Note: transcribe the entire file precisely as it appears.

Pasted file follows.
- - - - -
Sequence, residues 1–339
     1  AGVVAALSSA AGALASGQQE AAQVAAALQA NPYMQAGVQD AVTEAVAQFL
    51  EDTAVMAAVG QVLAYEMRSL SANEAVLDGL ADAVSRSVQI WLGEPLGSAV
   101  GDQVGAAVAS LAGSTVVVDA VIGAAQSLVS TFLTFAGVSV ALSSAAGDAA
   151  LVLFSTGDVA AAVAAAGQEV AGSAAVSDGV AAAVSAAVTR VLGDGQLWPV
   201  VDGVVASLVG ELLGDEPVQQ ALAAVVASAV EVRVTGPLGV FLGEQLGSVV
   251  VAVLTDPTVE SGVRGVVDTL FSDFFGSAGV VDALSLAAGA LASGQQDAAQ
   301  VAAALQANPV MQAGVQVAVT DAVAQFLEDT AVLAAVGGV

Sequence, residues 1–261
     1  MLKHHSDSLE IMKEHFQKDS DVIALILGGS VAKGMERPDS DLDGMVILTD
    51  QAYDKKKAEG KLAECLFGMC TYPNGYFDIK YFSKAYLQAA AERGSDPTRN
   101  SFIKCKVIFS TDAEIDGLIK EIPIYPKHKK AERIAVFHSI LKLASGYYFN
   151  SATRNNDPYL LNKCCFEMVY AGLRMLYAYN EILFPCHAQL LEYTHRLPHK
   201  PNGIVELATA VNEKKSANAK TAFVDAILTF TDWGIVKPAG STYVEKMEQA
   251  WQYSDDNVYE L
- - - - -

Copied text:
Sequence, residues 1–339
     1  AGVVAALSSA AGALASGQQE AAQVAAALQA NPYMQAGVQD AVTEAVAQFL
    51  EDTAVMAAVG QVLAYEMRSL SANEAVLDGL ADAVSRSVQI WLGEPLGSAV
   101  GDQVGAAVAS LAGSTVVVDA VIGAAQSLVS TFLTFAGVSV ALSSAAGDAA
   151  LVLFSTGDVA AAVAAAGQEV AGSAAVSDGV AAAVSAAVTR VLGDGQLWPV
   201  VDGVVASLVG ELLGDEPVQQ ALAAVVASAV EVRVTGPLGV FLGEQLGSVV
   251  VAVLTDPTVE SGVRGVVDTL FSDFFGSAGV VDALSLAAGA LASGQQDAAQ
   301  VAAALQANPV MQAGVQVAVT DAVAQFLEDT AVLAAVGGV

Sequence, residues 1–261
     1  MLKHHSDSLE IMKEHFQKDS DVIALILGGS VAKGMERPDS DLDGMVILTD
    51  QAYDKKKAEG KLAECLFGMC TYPNGYFDIK YFSKAYLQAA AERGSDPTRN
   101  SFIKCKVIFS TDAEIDGLIK EIPIYPKHKK AERIAVFHSI LKLASGYYFN
   151  SATRNNDPYL LNKCCFEMVY AGLRMLYAYN EILFPCHAQL LEYTHRLPHK
   201  PNGIVELATA VNEKKSANAK TAFVDAILTF TDWGIVKPAG STYVEKMEQA
   251  WQYSDDNVYE L